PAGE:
Is Renter’s Insurance Worth It?
Many renters mistakenly assume that their landlord is insuring them. But they aren’t. So if the home you rent was to burn down, how would you replace your stuff? It would help if you had renter’s insurance.
When you move into an apartment or rented home, you put the utilities in your name, unpack and begin a new phase of your life in a new place. But one thing many people neglect to do is get renter’s insurance. Because it isn’t usually a requirement, they never even think about it. This can be a significant mistake.
What Your Landlord’s Insurance Covers
Many renters mistakenly assume that their landlord is insuring them. This isn’t the case. The landlord has insurance that covers the structure of the rental property. So if the apartment building or home you rent was to burn down, the landlord could pay to rebuild since the structure is insured. But what about your stuff? Your laptop, your clothing, everything you own is burned up, and you don’t have insurance coverage for it.
Don’t Think You Own Much?
Sit down and look around your home. Then, start making a list of what you own and how much it would cost if you had to go out tomorrow and replace everything: your laptop, your tv, clothing, dishes, vacuum cleaner, makeup, food, small household appliances like blenders. The list ends up getting long. What you own would cost an awful lot to replace if you were robbed or disaster struck your home. And the only way you could replace it all is with a replacement value renter’s policy.
Replacement vs. Actual Cash Value
When purchasing renter’s insurance, you will want to buy a policy that offers replacement costs. The alternative is “actual cash value.” What’s the difference? Imagine you have a sofa from 1994 that was destroyed in a fire that occurred in your apartment building.
- If you have replacement value insurance, you will be reimbursed for the amount it will cost you to replace the sofa today. That could be $1,200.
- If you have an actual cash value policy, you will only receive the amount of money your 1994 sofa was worth before it was destroyed. That might be $50. You will have to pay for the difference out of your pocket.
What’s Not Covered
Insurance claims arising from natural disasters tend to be total losses, so insurers are reluctant to cover most of them, in particular:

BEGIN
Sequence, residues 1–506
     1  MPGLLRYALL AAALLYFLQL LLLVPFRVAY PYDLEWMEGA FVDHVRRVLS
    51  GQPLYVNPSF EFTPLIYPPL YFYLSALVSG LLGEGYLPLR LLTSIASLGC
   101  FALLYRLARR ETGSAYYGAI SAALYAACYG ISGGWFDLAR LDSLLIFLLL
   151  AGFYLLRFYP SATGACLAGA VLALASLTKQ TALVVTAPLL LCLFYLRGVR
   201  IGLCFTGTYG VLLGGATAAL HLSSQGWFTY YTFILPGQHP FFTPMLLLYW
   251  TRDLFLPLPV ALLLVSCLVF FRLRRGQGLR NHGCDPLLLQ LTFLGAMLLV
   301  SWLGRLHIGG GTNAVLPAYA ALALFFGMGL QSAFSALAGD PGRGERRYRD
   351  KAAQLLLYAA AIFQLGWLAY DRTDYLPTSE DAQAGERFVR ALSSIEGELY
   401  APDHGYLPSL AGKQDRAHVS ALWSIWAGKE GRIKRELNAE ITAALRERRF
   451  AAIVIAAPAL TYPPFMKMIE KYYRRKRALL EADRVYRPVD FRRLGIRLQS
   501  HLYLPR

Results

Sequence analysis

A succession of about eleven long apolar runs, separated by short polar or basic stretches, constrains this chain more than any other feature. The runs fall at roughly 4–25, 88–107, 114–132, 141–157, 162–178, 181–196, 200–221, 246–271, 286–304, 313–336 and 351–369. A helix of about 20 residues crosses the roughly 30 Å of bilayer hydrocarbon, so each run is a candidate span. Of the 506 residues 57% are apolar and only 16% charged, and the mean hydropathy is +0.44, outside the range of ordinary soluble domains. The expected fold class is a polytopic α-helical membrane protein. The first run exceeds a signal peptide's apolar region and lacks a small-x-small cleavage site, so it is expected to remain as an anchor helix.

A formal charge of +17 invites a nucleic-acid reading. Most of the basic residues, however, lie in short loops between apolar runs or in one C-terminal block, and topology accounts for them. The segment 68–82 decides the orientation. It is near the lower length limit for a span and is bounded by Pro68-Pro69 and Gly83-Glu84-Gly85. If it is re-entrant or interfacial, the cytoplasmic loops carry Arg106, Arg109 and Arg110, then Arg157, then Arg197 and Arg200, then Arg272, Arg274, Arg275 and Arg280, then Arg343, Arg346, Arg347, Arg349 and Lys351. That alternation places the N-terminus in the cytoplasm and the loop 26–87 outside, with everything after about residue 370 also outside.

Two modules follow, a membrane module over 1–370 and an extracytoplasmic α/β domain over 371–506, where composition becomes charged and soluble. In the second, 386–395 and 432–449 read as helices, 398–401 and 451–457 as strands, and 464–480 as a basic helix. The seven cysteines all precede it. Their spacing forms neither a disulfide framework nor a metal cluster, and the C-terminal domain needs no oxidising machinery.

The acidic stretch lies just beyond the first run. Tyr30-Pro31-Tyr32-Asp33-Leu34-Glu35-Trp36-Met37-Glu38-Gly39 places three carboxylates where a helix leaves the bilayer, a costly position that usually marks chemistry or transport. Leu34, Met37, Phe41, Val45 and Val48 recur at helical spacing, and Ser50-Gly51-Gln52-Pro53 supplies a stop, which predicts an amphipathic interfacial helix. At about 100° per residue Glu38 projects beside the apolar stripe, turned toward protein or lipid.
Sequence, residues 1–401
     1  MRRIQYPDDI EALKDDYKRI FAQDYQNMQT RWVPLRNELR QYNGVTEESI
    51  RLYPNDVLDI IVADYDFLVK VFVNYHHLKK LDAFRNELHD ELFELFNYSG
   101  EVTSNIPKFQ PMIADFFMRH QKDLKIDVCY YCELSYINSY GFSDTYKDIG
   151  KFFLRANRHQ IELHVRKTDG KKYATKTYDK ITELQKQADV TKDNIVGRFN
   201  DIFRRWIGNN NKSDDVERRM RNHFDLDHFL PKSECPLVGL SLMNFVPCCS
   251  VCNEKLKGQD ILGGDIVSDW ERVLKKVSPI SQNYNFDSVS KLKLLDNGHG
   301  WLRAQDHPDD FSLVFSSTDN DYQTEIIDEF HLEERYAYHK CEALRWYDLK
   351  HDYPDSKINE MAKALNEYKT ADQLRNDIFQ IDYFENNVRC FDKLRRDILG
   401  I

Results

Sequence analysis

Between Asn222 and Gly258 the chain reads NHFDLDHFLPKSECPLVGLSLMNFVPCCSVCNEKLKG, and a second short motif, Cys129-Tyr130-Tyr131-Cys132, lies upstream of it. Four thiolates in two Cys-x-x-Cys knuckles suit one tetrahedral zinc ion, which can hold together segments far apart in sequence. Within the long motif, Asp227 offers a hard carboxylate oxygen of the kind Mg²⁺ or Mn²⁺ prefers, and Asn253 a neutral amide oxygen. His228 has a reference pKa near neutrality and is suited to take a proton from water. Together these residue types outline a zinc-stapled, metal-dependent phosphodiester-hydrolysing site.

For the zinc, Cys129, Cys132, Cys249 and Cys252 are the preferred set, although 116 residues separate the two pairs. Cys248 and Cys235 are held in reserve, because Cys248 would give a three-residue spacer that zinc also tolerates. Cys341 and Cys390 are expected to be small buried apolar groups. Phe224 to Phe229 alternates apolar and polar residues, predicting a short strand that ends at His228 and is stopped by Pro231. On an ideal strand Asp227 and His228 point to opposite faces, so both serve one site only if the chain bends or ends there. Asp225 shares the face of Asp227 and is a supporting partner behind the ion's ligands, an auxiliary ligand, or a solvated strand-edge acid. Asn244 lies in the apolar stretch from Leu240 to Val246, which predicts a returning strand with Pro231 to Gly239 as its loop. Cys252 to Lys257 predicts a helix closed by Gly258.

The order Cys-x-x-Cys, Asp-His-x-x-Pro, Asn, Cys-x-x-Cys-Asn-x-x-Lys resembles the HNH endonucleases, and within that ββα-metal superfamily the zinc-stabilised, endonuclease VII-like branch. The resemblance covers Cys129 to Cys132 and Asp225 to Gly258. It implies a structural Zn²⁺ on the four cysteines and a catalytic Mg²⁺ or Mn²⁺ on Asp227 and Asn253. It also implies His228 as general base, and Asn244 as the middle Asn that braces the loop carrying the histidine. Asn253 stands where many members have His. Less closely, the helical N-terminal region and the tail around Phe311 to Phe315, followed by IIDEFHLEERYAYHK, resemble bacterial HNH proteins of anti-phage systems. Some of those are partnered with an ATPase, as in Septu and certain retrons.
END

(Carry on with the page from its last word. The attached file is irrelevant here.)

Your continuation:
- Mudslides or landslides
*It is important to note that flooding due to plumbing issues is usually covered.
Infestations are not covered. And if you have a roommate, their belongings aren’t covered, either. They would have to retain their own renter’s policy.
What Kind of Personal Property Damage is Typically Covered?
Although most natural disasters aren’t covered, some are. And there are plenty of claims that stem from other sources. Including:
- The weight of ice, snow, or sleet
- Windstorm or hail
- Volcanic eruption
- Fire or lightning
- Riot or civil disobedience
- Damage caused by aircraft
- Damage caused by vehicles
- Damage caused by a falling object
- Accidental discharge of water or steam from specific household systems or appliances
- Freezing of specific household systems or appliances
- Sudden, accidental tearing apart, cracking, burning, or bulging of specific household systems
- Sudden, accidental damage from artificially generated electric currents
What Else Does Renter’s Insurance Cover?
If you are displaced during repairs, renter’s policies usually cover your hotel expenses.
It also includes liability insurance in case you are sued for negligence because, for instance, someone slips and falls on the property where you live.
Medical bills for anyone injured in your home are also often covered.
Some policies have a rider that covers expenses that arise from identity theft.
Property that is stolen or damaged when you are away from home is often covered. For example, your laptop is stolen from your hotel room while on vacation. Or perhaps your bike is stolen outside the coffee shop you stopped at on the way to work. Of course, there are some limits, and a detectable will apply, but it is good to remember.
How Much Does a Renter’s Policy Cost?
Renter’s insurance is usually relatively inexpensive, particularly if you bundle it with your auto policy and get a discount. However, the actual cost of your policy will depend on several factors, including the value of your belongings, whether you choose a replacement or true cash value, and even your location.
The best thing to do is sit down with a trusted independent insurance agent and let them help you choose the policy that is best for your needs. Families like yours have trusted Hermann Insurance for over 50 years! Contact us or call us today at 651-674-4472